The Tale of Genji
The Paulownia Pavilion
Kiri means “paulownia tree” and tsubo “a small garden between palace buildings.” Kiritsubo is therefore the name for the palace pavilion that has a paulownia in its garden. The Emperor installs Genji's mother there, so that readers have always called her Kiritsubo no Kōi (the Kiritsubo Intimate), although the text does not.
Genji, from birth through age 12
The Haven, Genji's mother (the Kiritsubo Intimate, Kiritsubo no Kōi)
His Majesty, the Emperor, Genji's father (Kiritsubo no Mikado)
The Haven's mother, Genji's grandmother
The Emperor's eldest son, appointed Heir Apparent at 7 when Genji is 4 (Suzaku)
The Kokiden Consort, mother of the Heir Apparent
Yugei no Myōbu, a gentlewoman in the Emperor's service
A physiognomist from Koma
The Right Grand Controller (Udaiben)
A Dame of Staff (Naishi no Suke)
Fujitsubo, daughter of an earlier Emperor, enters the palace at 16 when Genji is 11
His Highness of War, Fujitsubo's elder brother (Hyōbukyō no Miya)
His Excellency, the Minister of the Left, becomes Genji's father-in-law at 46 (Sadaijin)
His daughter, Genji's wife, 16 at marriage when Genji is 12 (Aoi)
His son, the Chamberlain Lieutenant (Tō no Chūjō)
The Princess, the Emperor's sister, mother of Aoi and Tō no Chūjō (Ōmiya)
The Minister of the Right, grandfather of the Heir Apparent (Udaijin)
In a certain reign (whose can it have been?) someone of no very great rank, among all His Majesty's Consorts and Intimates, enjoyed exceptional favor. Those others who had always assumed that pride of place was properly theirs despised her as a dreadful woman, while the lesser Intimates were unhappier still. The way she waited on him day after day only stirred up feeling against her, and perhaps this growing burden of resentment was what affected her health and obliged her often to withdraw in misery to her home; but His Majesty, who could less and less do without her, ignored his critics until his behavior seemed bound to be the talk of all.
From this sad spectacle the senior nobles and privy gentlemen could only avert their eyes. Such things had led to disorder and ruin even in China, they said, and as discontent spread through the realm, the example of Yōkihi1 came more and more to mind, with many a painful consequence for the lady herself; yet she trusted in his gracious and unexampled affection and remained at court.
The Grand Counselor, her father, was gone, and it was her mother, a lady from an old family, who saw to it that she should give no less to court events than others whose parents were both alive and who enjoyed general esteem; but lacking anyone influential to support her, she of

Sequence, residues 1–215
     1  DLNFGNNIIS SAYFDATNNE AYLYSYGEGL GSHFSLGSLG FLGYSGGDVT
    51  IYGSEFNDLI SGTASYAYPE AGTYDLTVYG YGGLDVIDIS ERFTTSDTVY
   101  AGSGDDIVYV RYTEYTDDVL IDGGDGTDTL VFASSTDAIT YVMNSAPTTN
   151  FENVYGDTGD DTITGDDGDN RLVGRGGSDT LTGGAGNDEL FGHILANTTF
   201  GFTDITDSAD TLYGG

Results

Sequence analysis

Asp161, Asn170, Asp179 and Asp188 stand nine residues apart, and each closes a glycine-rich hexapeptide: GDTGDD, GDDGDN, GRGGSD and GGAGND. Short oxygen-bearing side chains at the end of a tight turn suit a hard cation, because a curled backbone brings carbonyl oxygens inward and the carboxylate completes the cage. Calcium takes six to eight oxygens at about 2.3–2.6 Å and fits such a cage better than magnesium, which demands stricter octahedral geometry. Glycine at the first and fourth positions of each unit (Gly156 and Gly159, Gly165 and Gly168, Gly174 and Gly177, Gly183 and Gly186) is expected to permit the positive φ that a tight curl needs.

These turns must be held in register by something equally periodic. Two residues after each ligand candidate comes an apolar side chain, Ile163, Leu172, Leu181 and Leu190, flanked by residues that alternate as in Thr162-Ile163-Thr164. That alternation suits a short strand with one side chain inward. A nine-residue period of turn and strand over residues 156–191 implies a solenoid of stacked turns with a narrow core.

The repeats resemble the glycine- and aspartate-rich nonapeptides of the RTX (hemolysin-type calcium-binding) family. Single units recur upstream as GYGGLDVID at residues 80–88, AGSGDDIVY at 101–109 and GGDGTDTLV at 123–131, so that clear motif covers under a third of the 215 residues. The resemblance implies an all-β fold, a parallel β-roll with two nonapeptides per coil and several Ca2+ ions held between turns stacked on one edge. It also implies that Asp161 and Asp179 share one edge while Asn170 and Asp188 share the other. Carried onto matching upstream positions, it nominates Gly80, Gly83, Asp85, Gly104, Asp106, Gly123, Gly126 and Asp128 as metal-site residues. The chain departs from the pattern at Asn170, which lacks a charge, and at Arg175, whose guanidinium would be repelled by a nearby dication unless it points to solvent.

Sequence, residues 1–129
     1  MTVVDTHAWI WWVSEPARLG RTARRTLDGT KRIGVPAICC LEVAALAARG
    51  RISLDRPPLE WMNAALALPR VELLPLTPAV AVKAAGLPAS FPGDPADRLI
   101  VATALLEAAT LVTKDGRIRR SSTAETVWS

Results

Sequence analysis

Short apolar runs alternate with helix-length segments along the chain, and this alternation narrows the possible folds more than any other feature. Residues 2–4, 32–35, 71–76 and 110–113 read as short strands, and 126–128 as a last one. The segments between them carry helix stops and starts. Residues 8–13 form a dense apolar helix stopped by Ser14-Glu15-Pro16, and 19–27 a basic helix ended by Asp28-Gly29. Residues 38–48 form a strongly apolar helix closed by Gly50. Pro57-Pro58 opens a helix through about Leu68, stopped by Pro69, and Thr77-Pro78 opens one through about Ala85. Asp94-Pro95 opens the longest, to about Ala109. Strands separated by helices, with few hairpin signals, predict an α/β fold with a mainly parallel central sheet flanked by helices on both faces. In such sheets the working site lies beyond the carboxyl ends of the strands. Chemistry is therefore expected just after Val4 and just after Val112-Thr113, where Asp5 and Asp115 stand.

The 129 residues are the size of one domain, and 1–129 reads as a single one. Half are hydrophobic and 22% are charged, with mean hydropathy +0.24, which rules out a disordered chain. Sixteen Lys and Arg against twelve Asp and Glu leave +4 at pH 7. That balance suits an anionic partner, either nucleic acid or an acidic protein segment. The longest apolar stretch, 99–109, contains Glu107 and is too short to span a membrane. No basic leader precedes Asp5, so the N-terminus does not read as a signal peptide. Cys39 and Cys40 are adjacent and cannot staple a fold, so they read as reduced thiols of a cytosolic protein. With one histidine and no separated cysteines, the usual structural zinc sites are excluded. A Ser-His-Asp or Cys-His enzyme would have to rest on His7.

ten had reason when the time came to lament the weakness of her position.2
His Majesty must have had a deep bond with her in past lives as well, for she gave him a wonderfully handsome son. He had the child brought in straightaway,3 for he was desperate to see him, and he was astonished by his beauty. His elder son, born to his Consort the daughter of the Minister of the Right, enjoyed powerful backing and was feted by all as the undoubted future Heir Apparent, but he could not rival his brother in looks, and His Majesty, who still accorded him all due respect, therefore lavished his private affection on the new arrival.
Her rank had never permitted her to enter His Majesty's common service.4 His insistence on keeping her with him despite her fine reputation and her noble bearing meant that whenever there was to be music or any other sort of occasion, his first thought was to send for her. Sometimes, after oversleeping a little, he would command her to stay on with him, and this refusal to let her go made her seem to deserve contempt;5 but after the birth he was so attentive that the mother of his firstborn feared that he might appoint his new son Heir Apparent over her own. This Consort, for whom he had high regard, had been the first to come to him, and it was she whose reproaches most troubled him and whom he could least bear to hurt, for she had given him other children as well.
Despite her faith in His Majesty's sovereign protection, so many belittled her and sought to find fault with her that, far from flourishing, she began in her distress to waste away. She lived in the Kiritsubo. His Majesty had to pass many others on his constant visits to her, and no wonder they took offense. On the far too frequent occasions when she went to him, there might be a nasty surprise awaiting her along the crossbridges and bridgeways, one that horribly fouled the skirts of the gentlewomen who accompanied her or who came forward to receive her; or, the victim of a conspiracy between those on either side, she might find herself locked in a passageway between two doors that she could not avoid, and be unable to go either forward or back. Seeing how she suffered from such humiliations, endlessly multiplied as circumstances favored her enemies' designs, His Majesty had the Intimate long resident in the Kōrōden move elsewhere and gave it to her instead, for when he wanted to have her nearby.6 The one evicted nursed a particularly implacable grudge.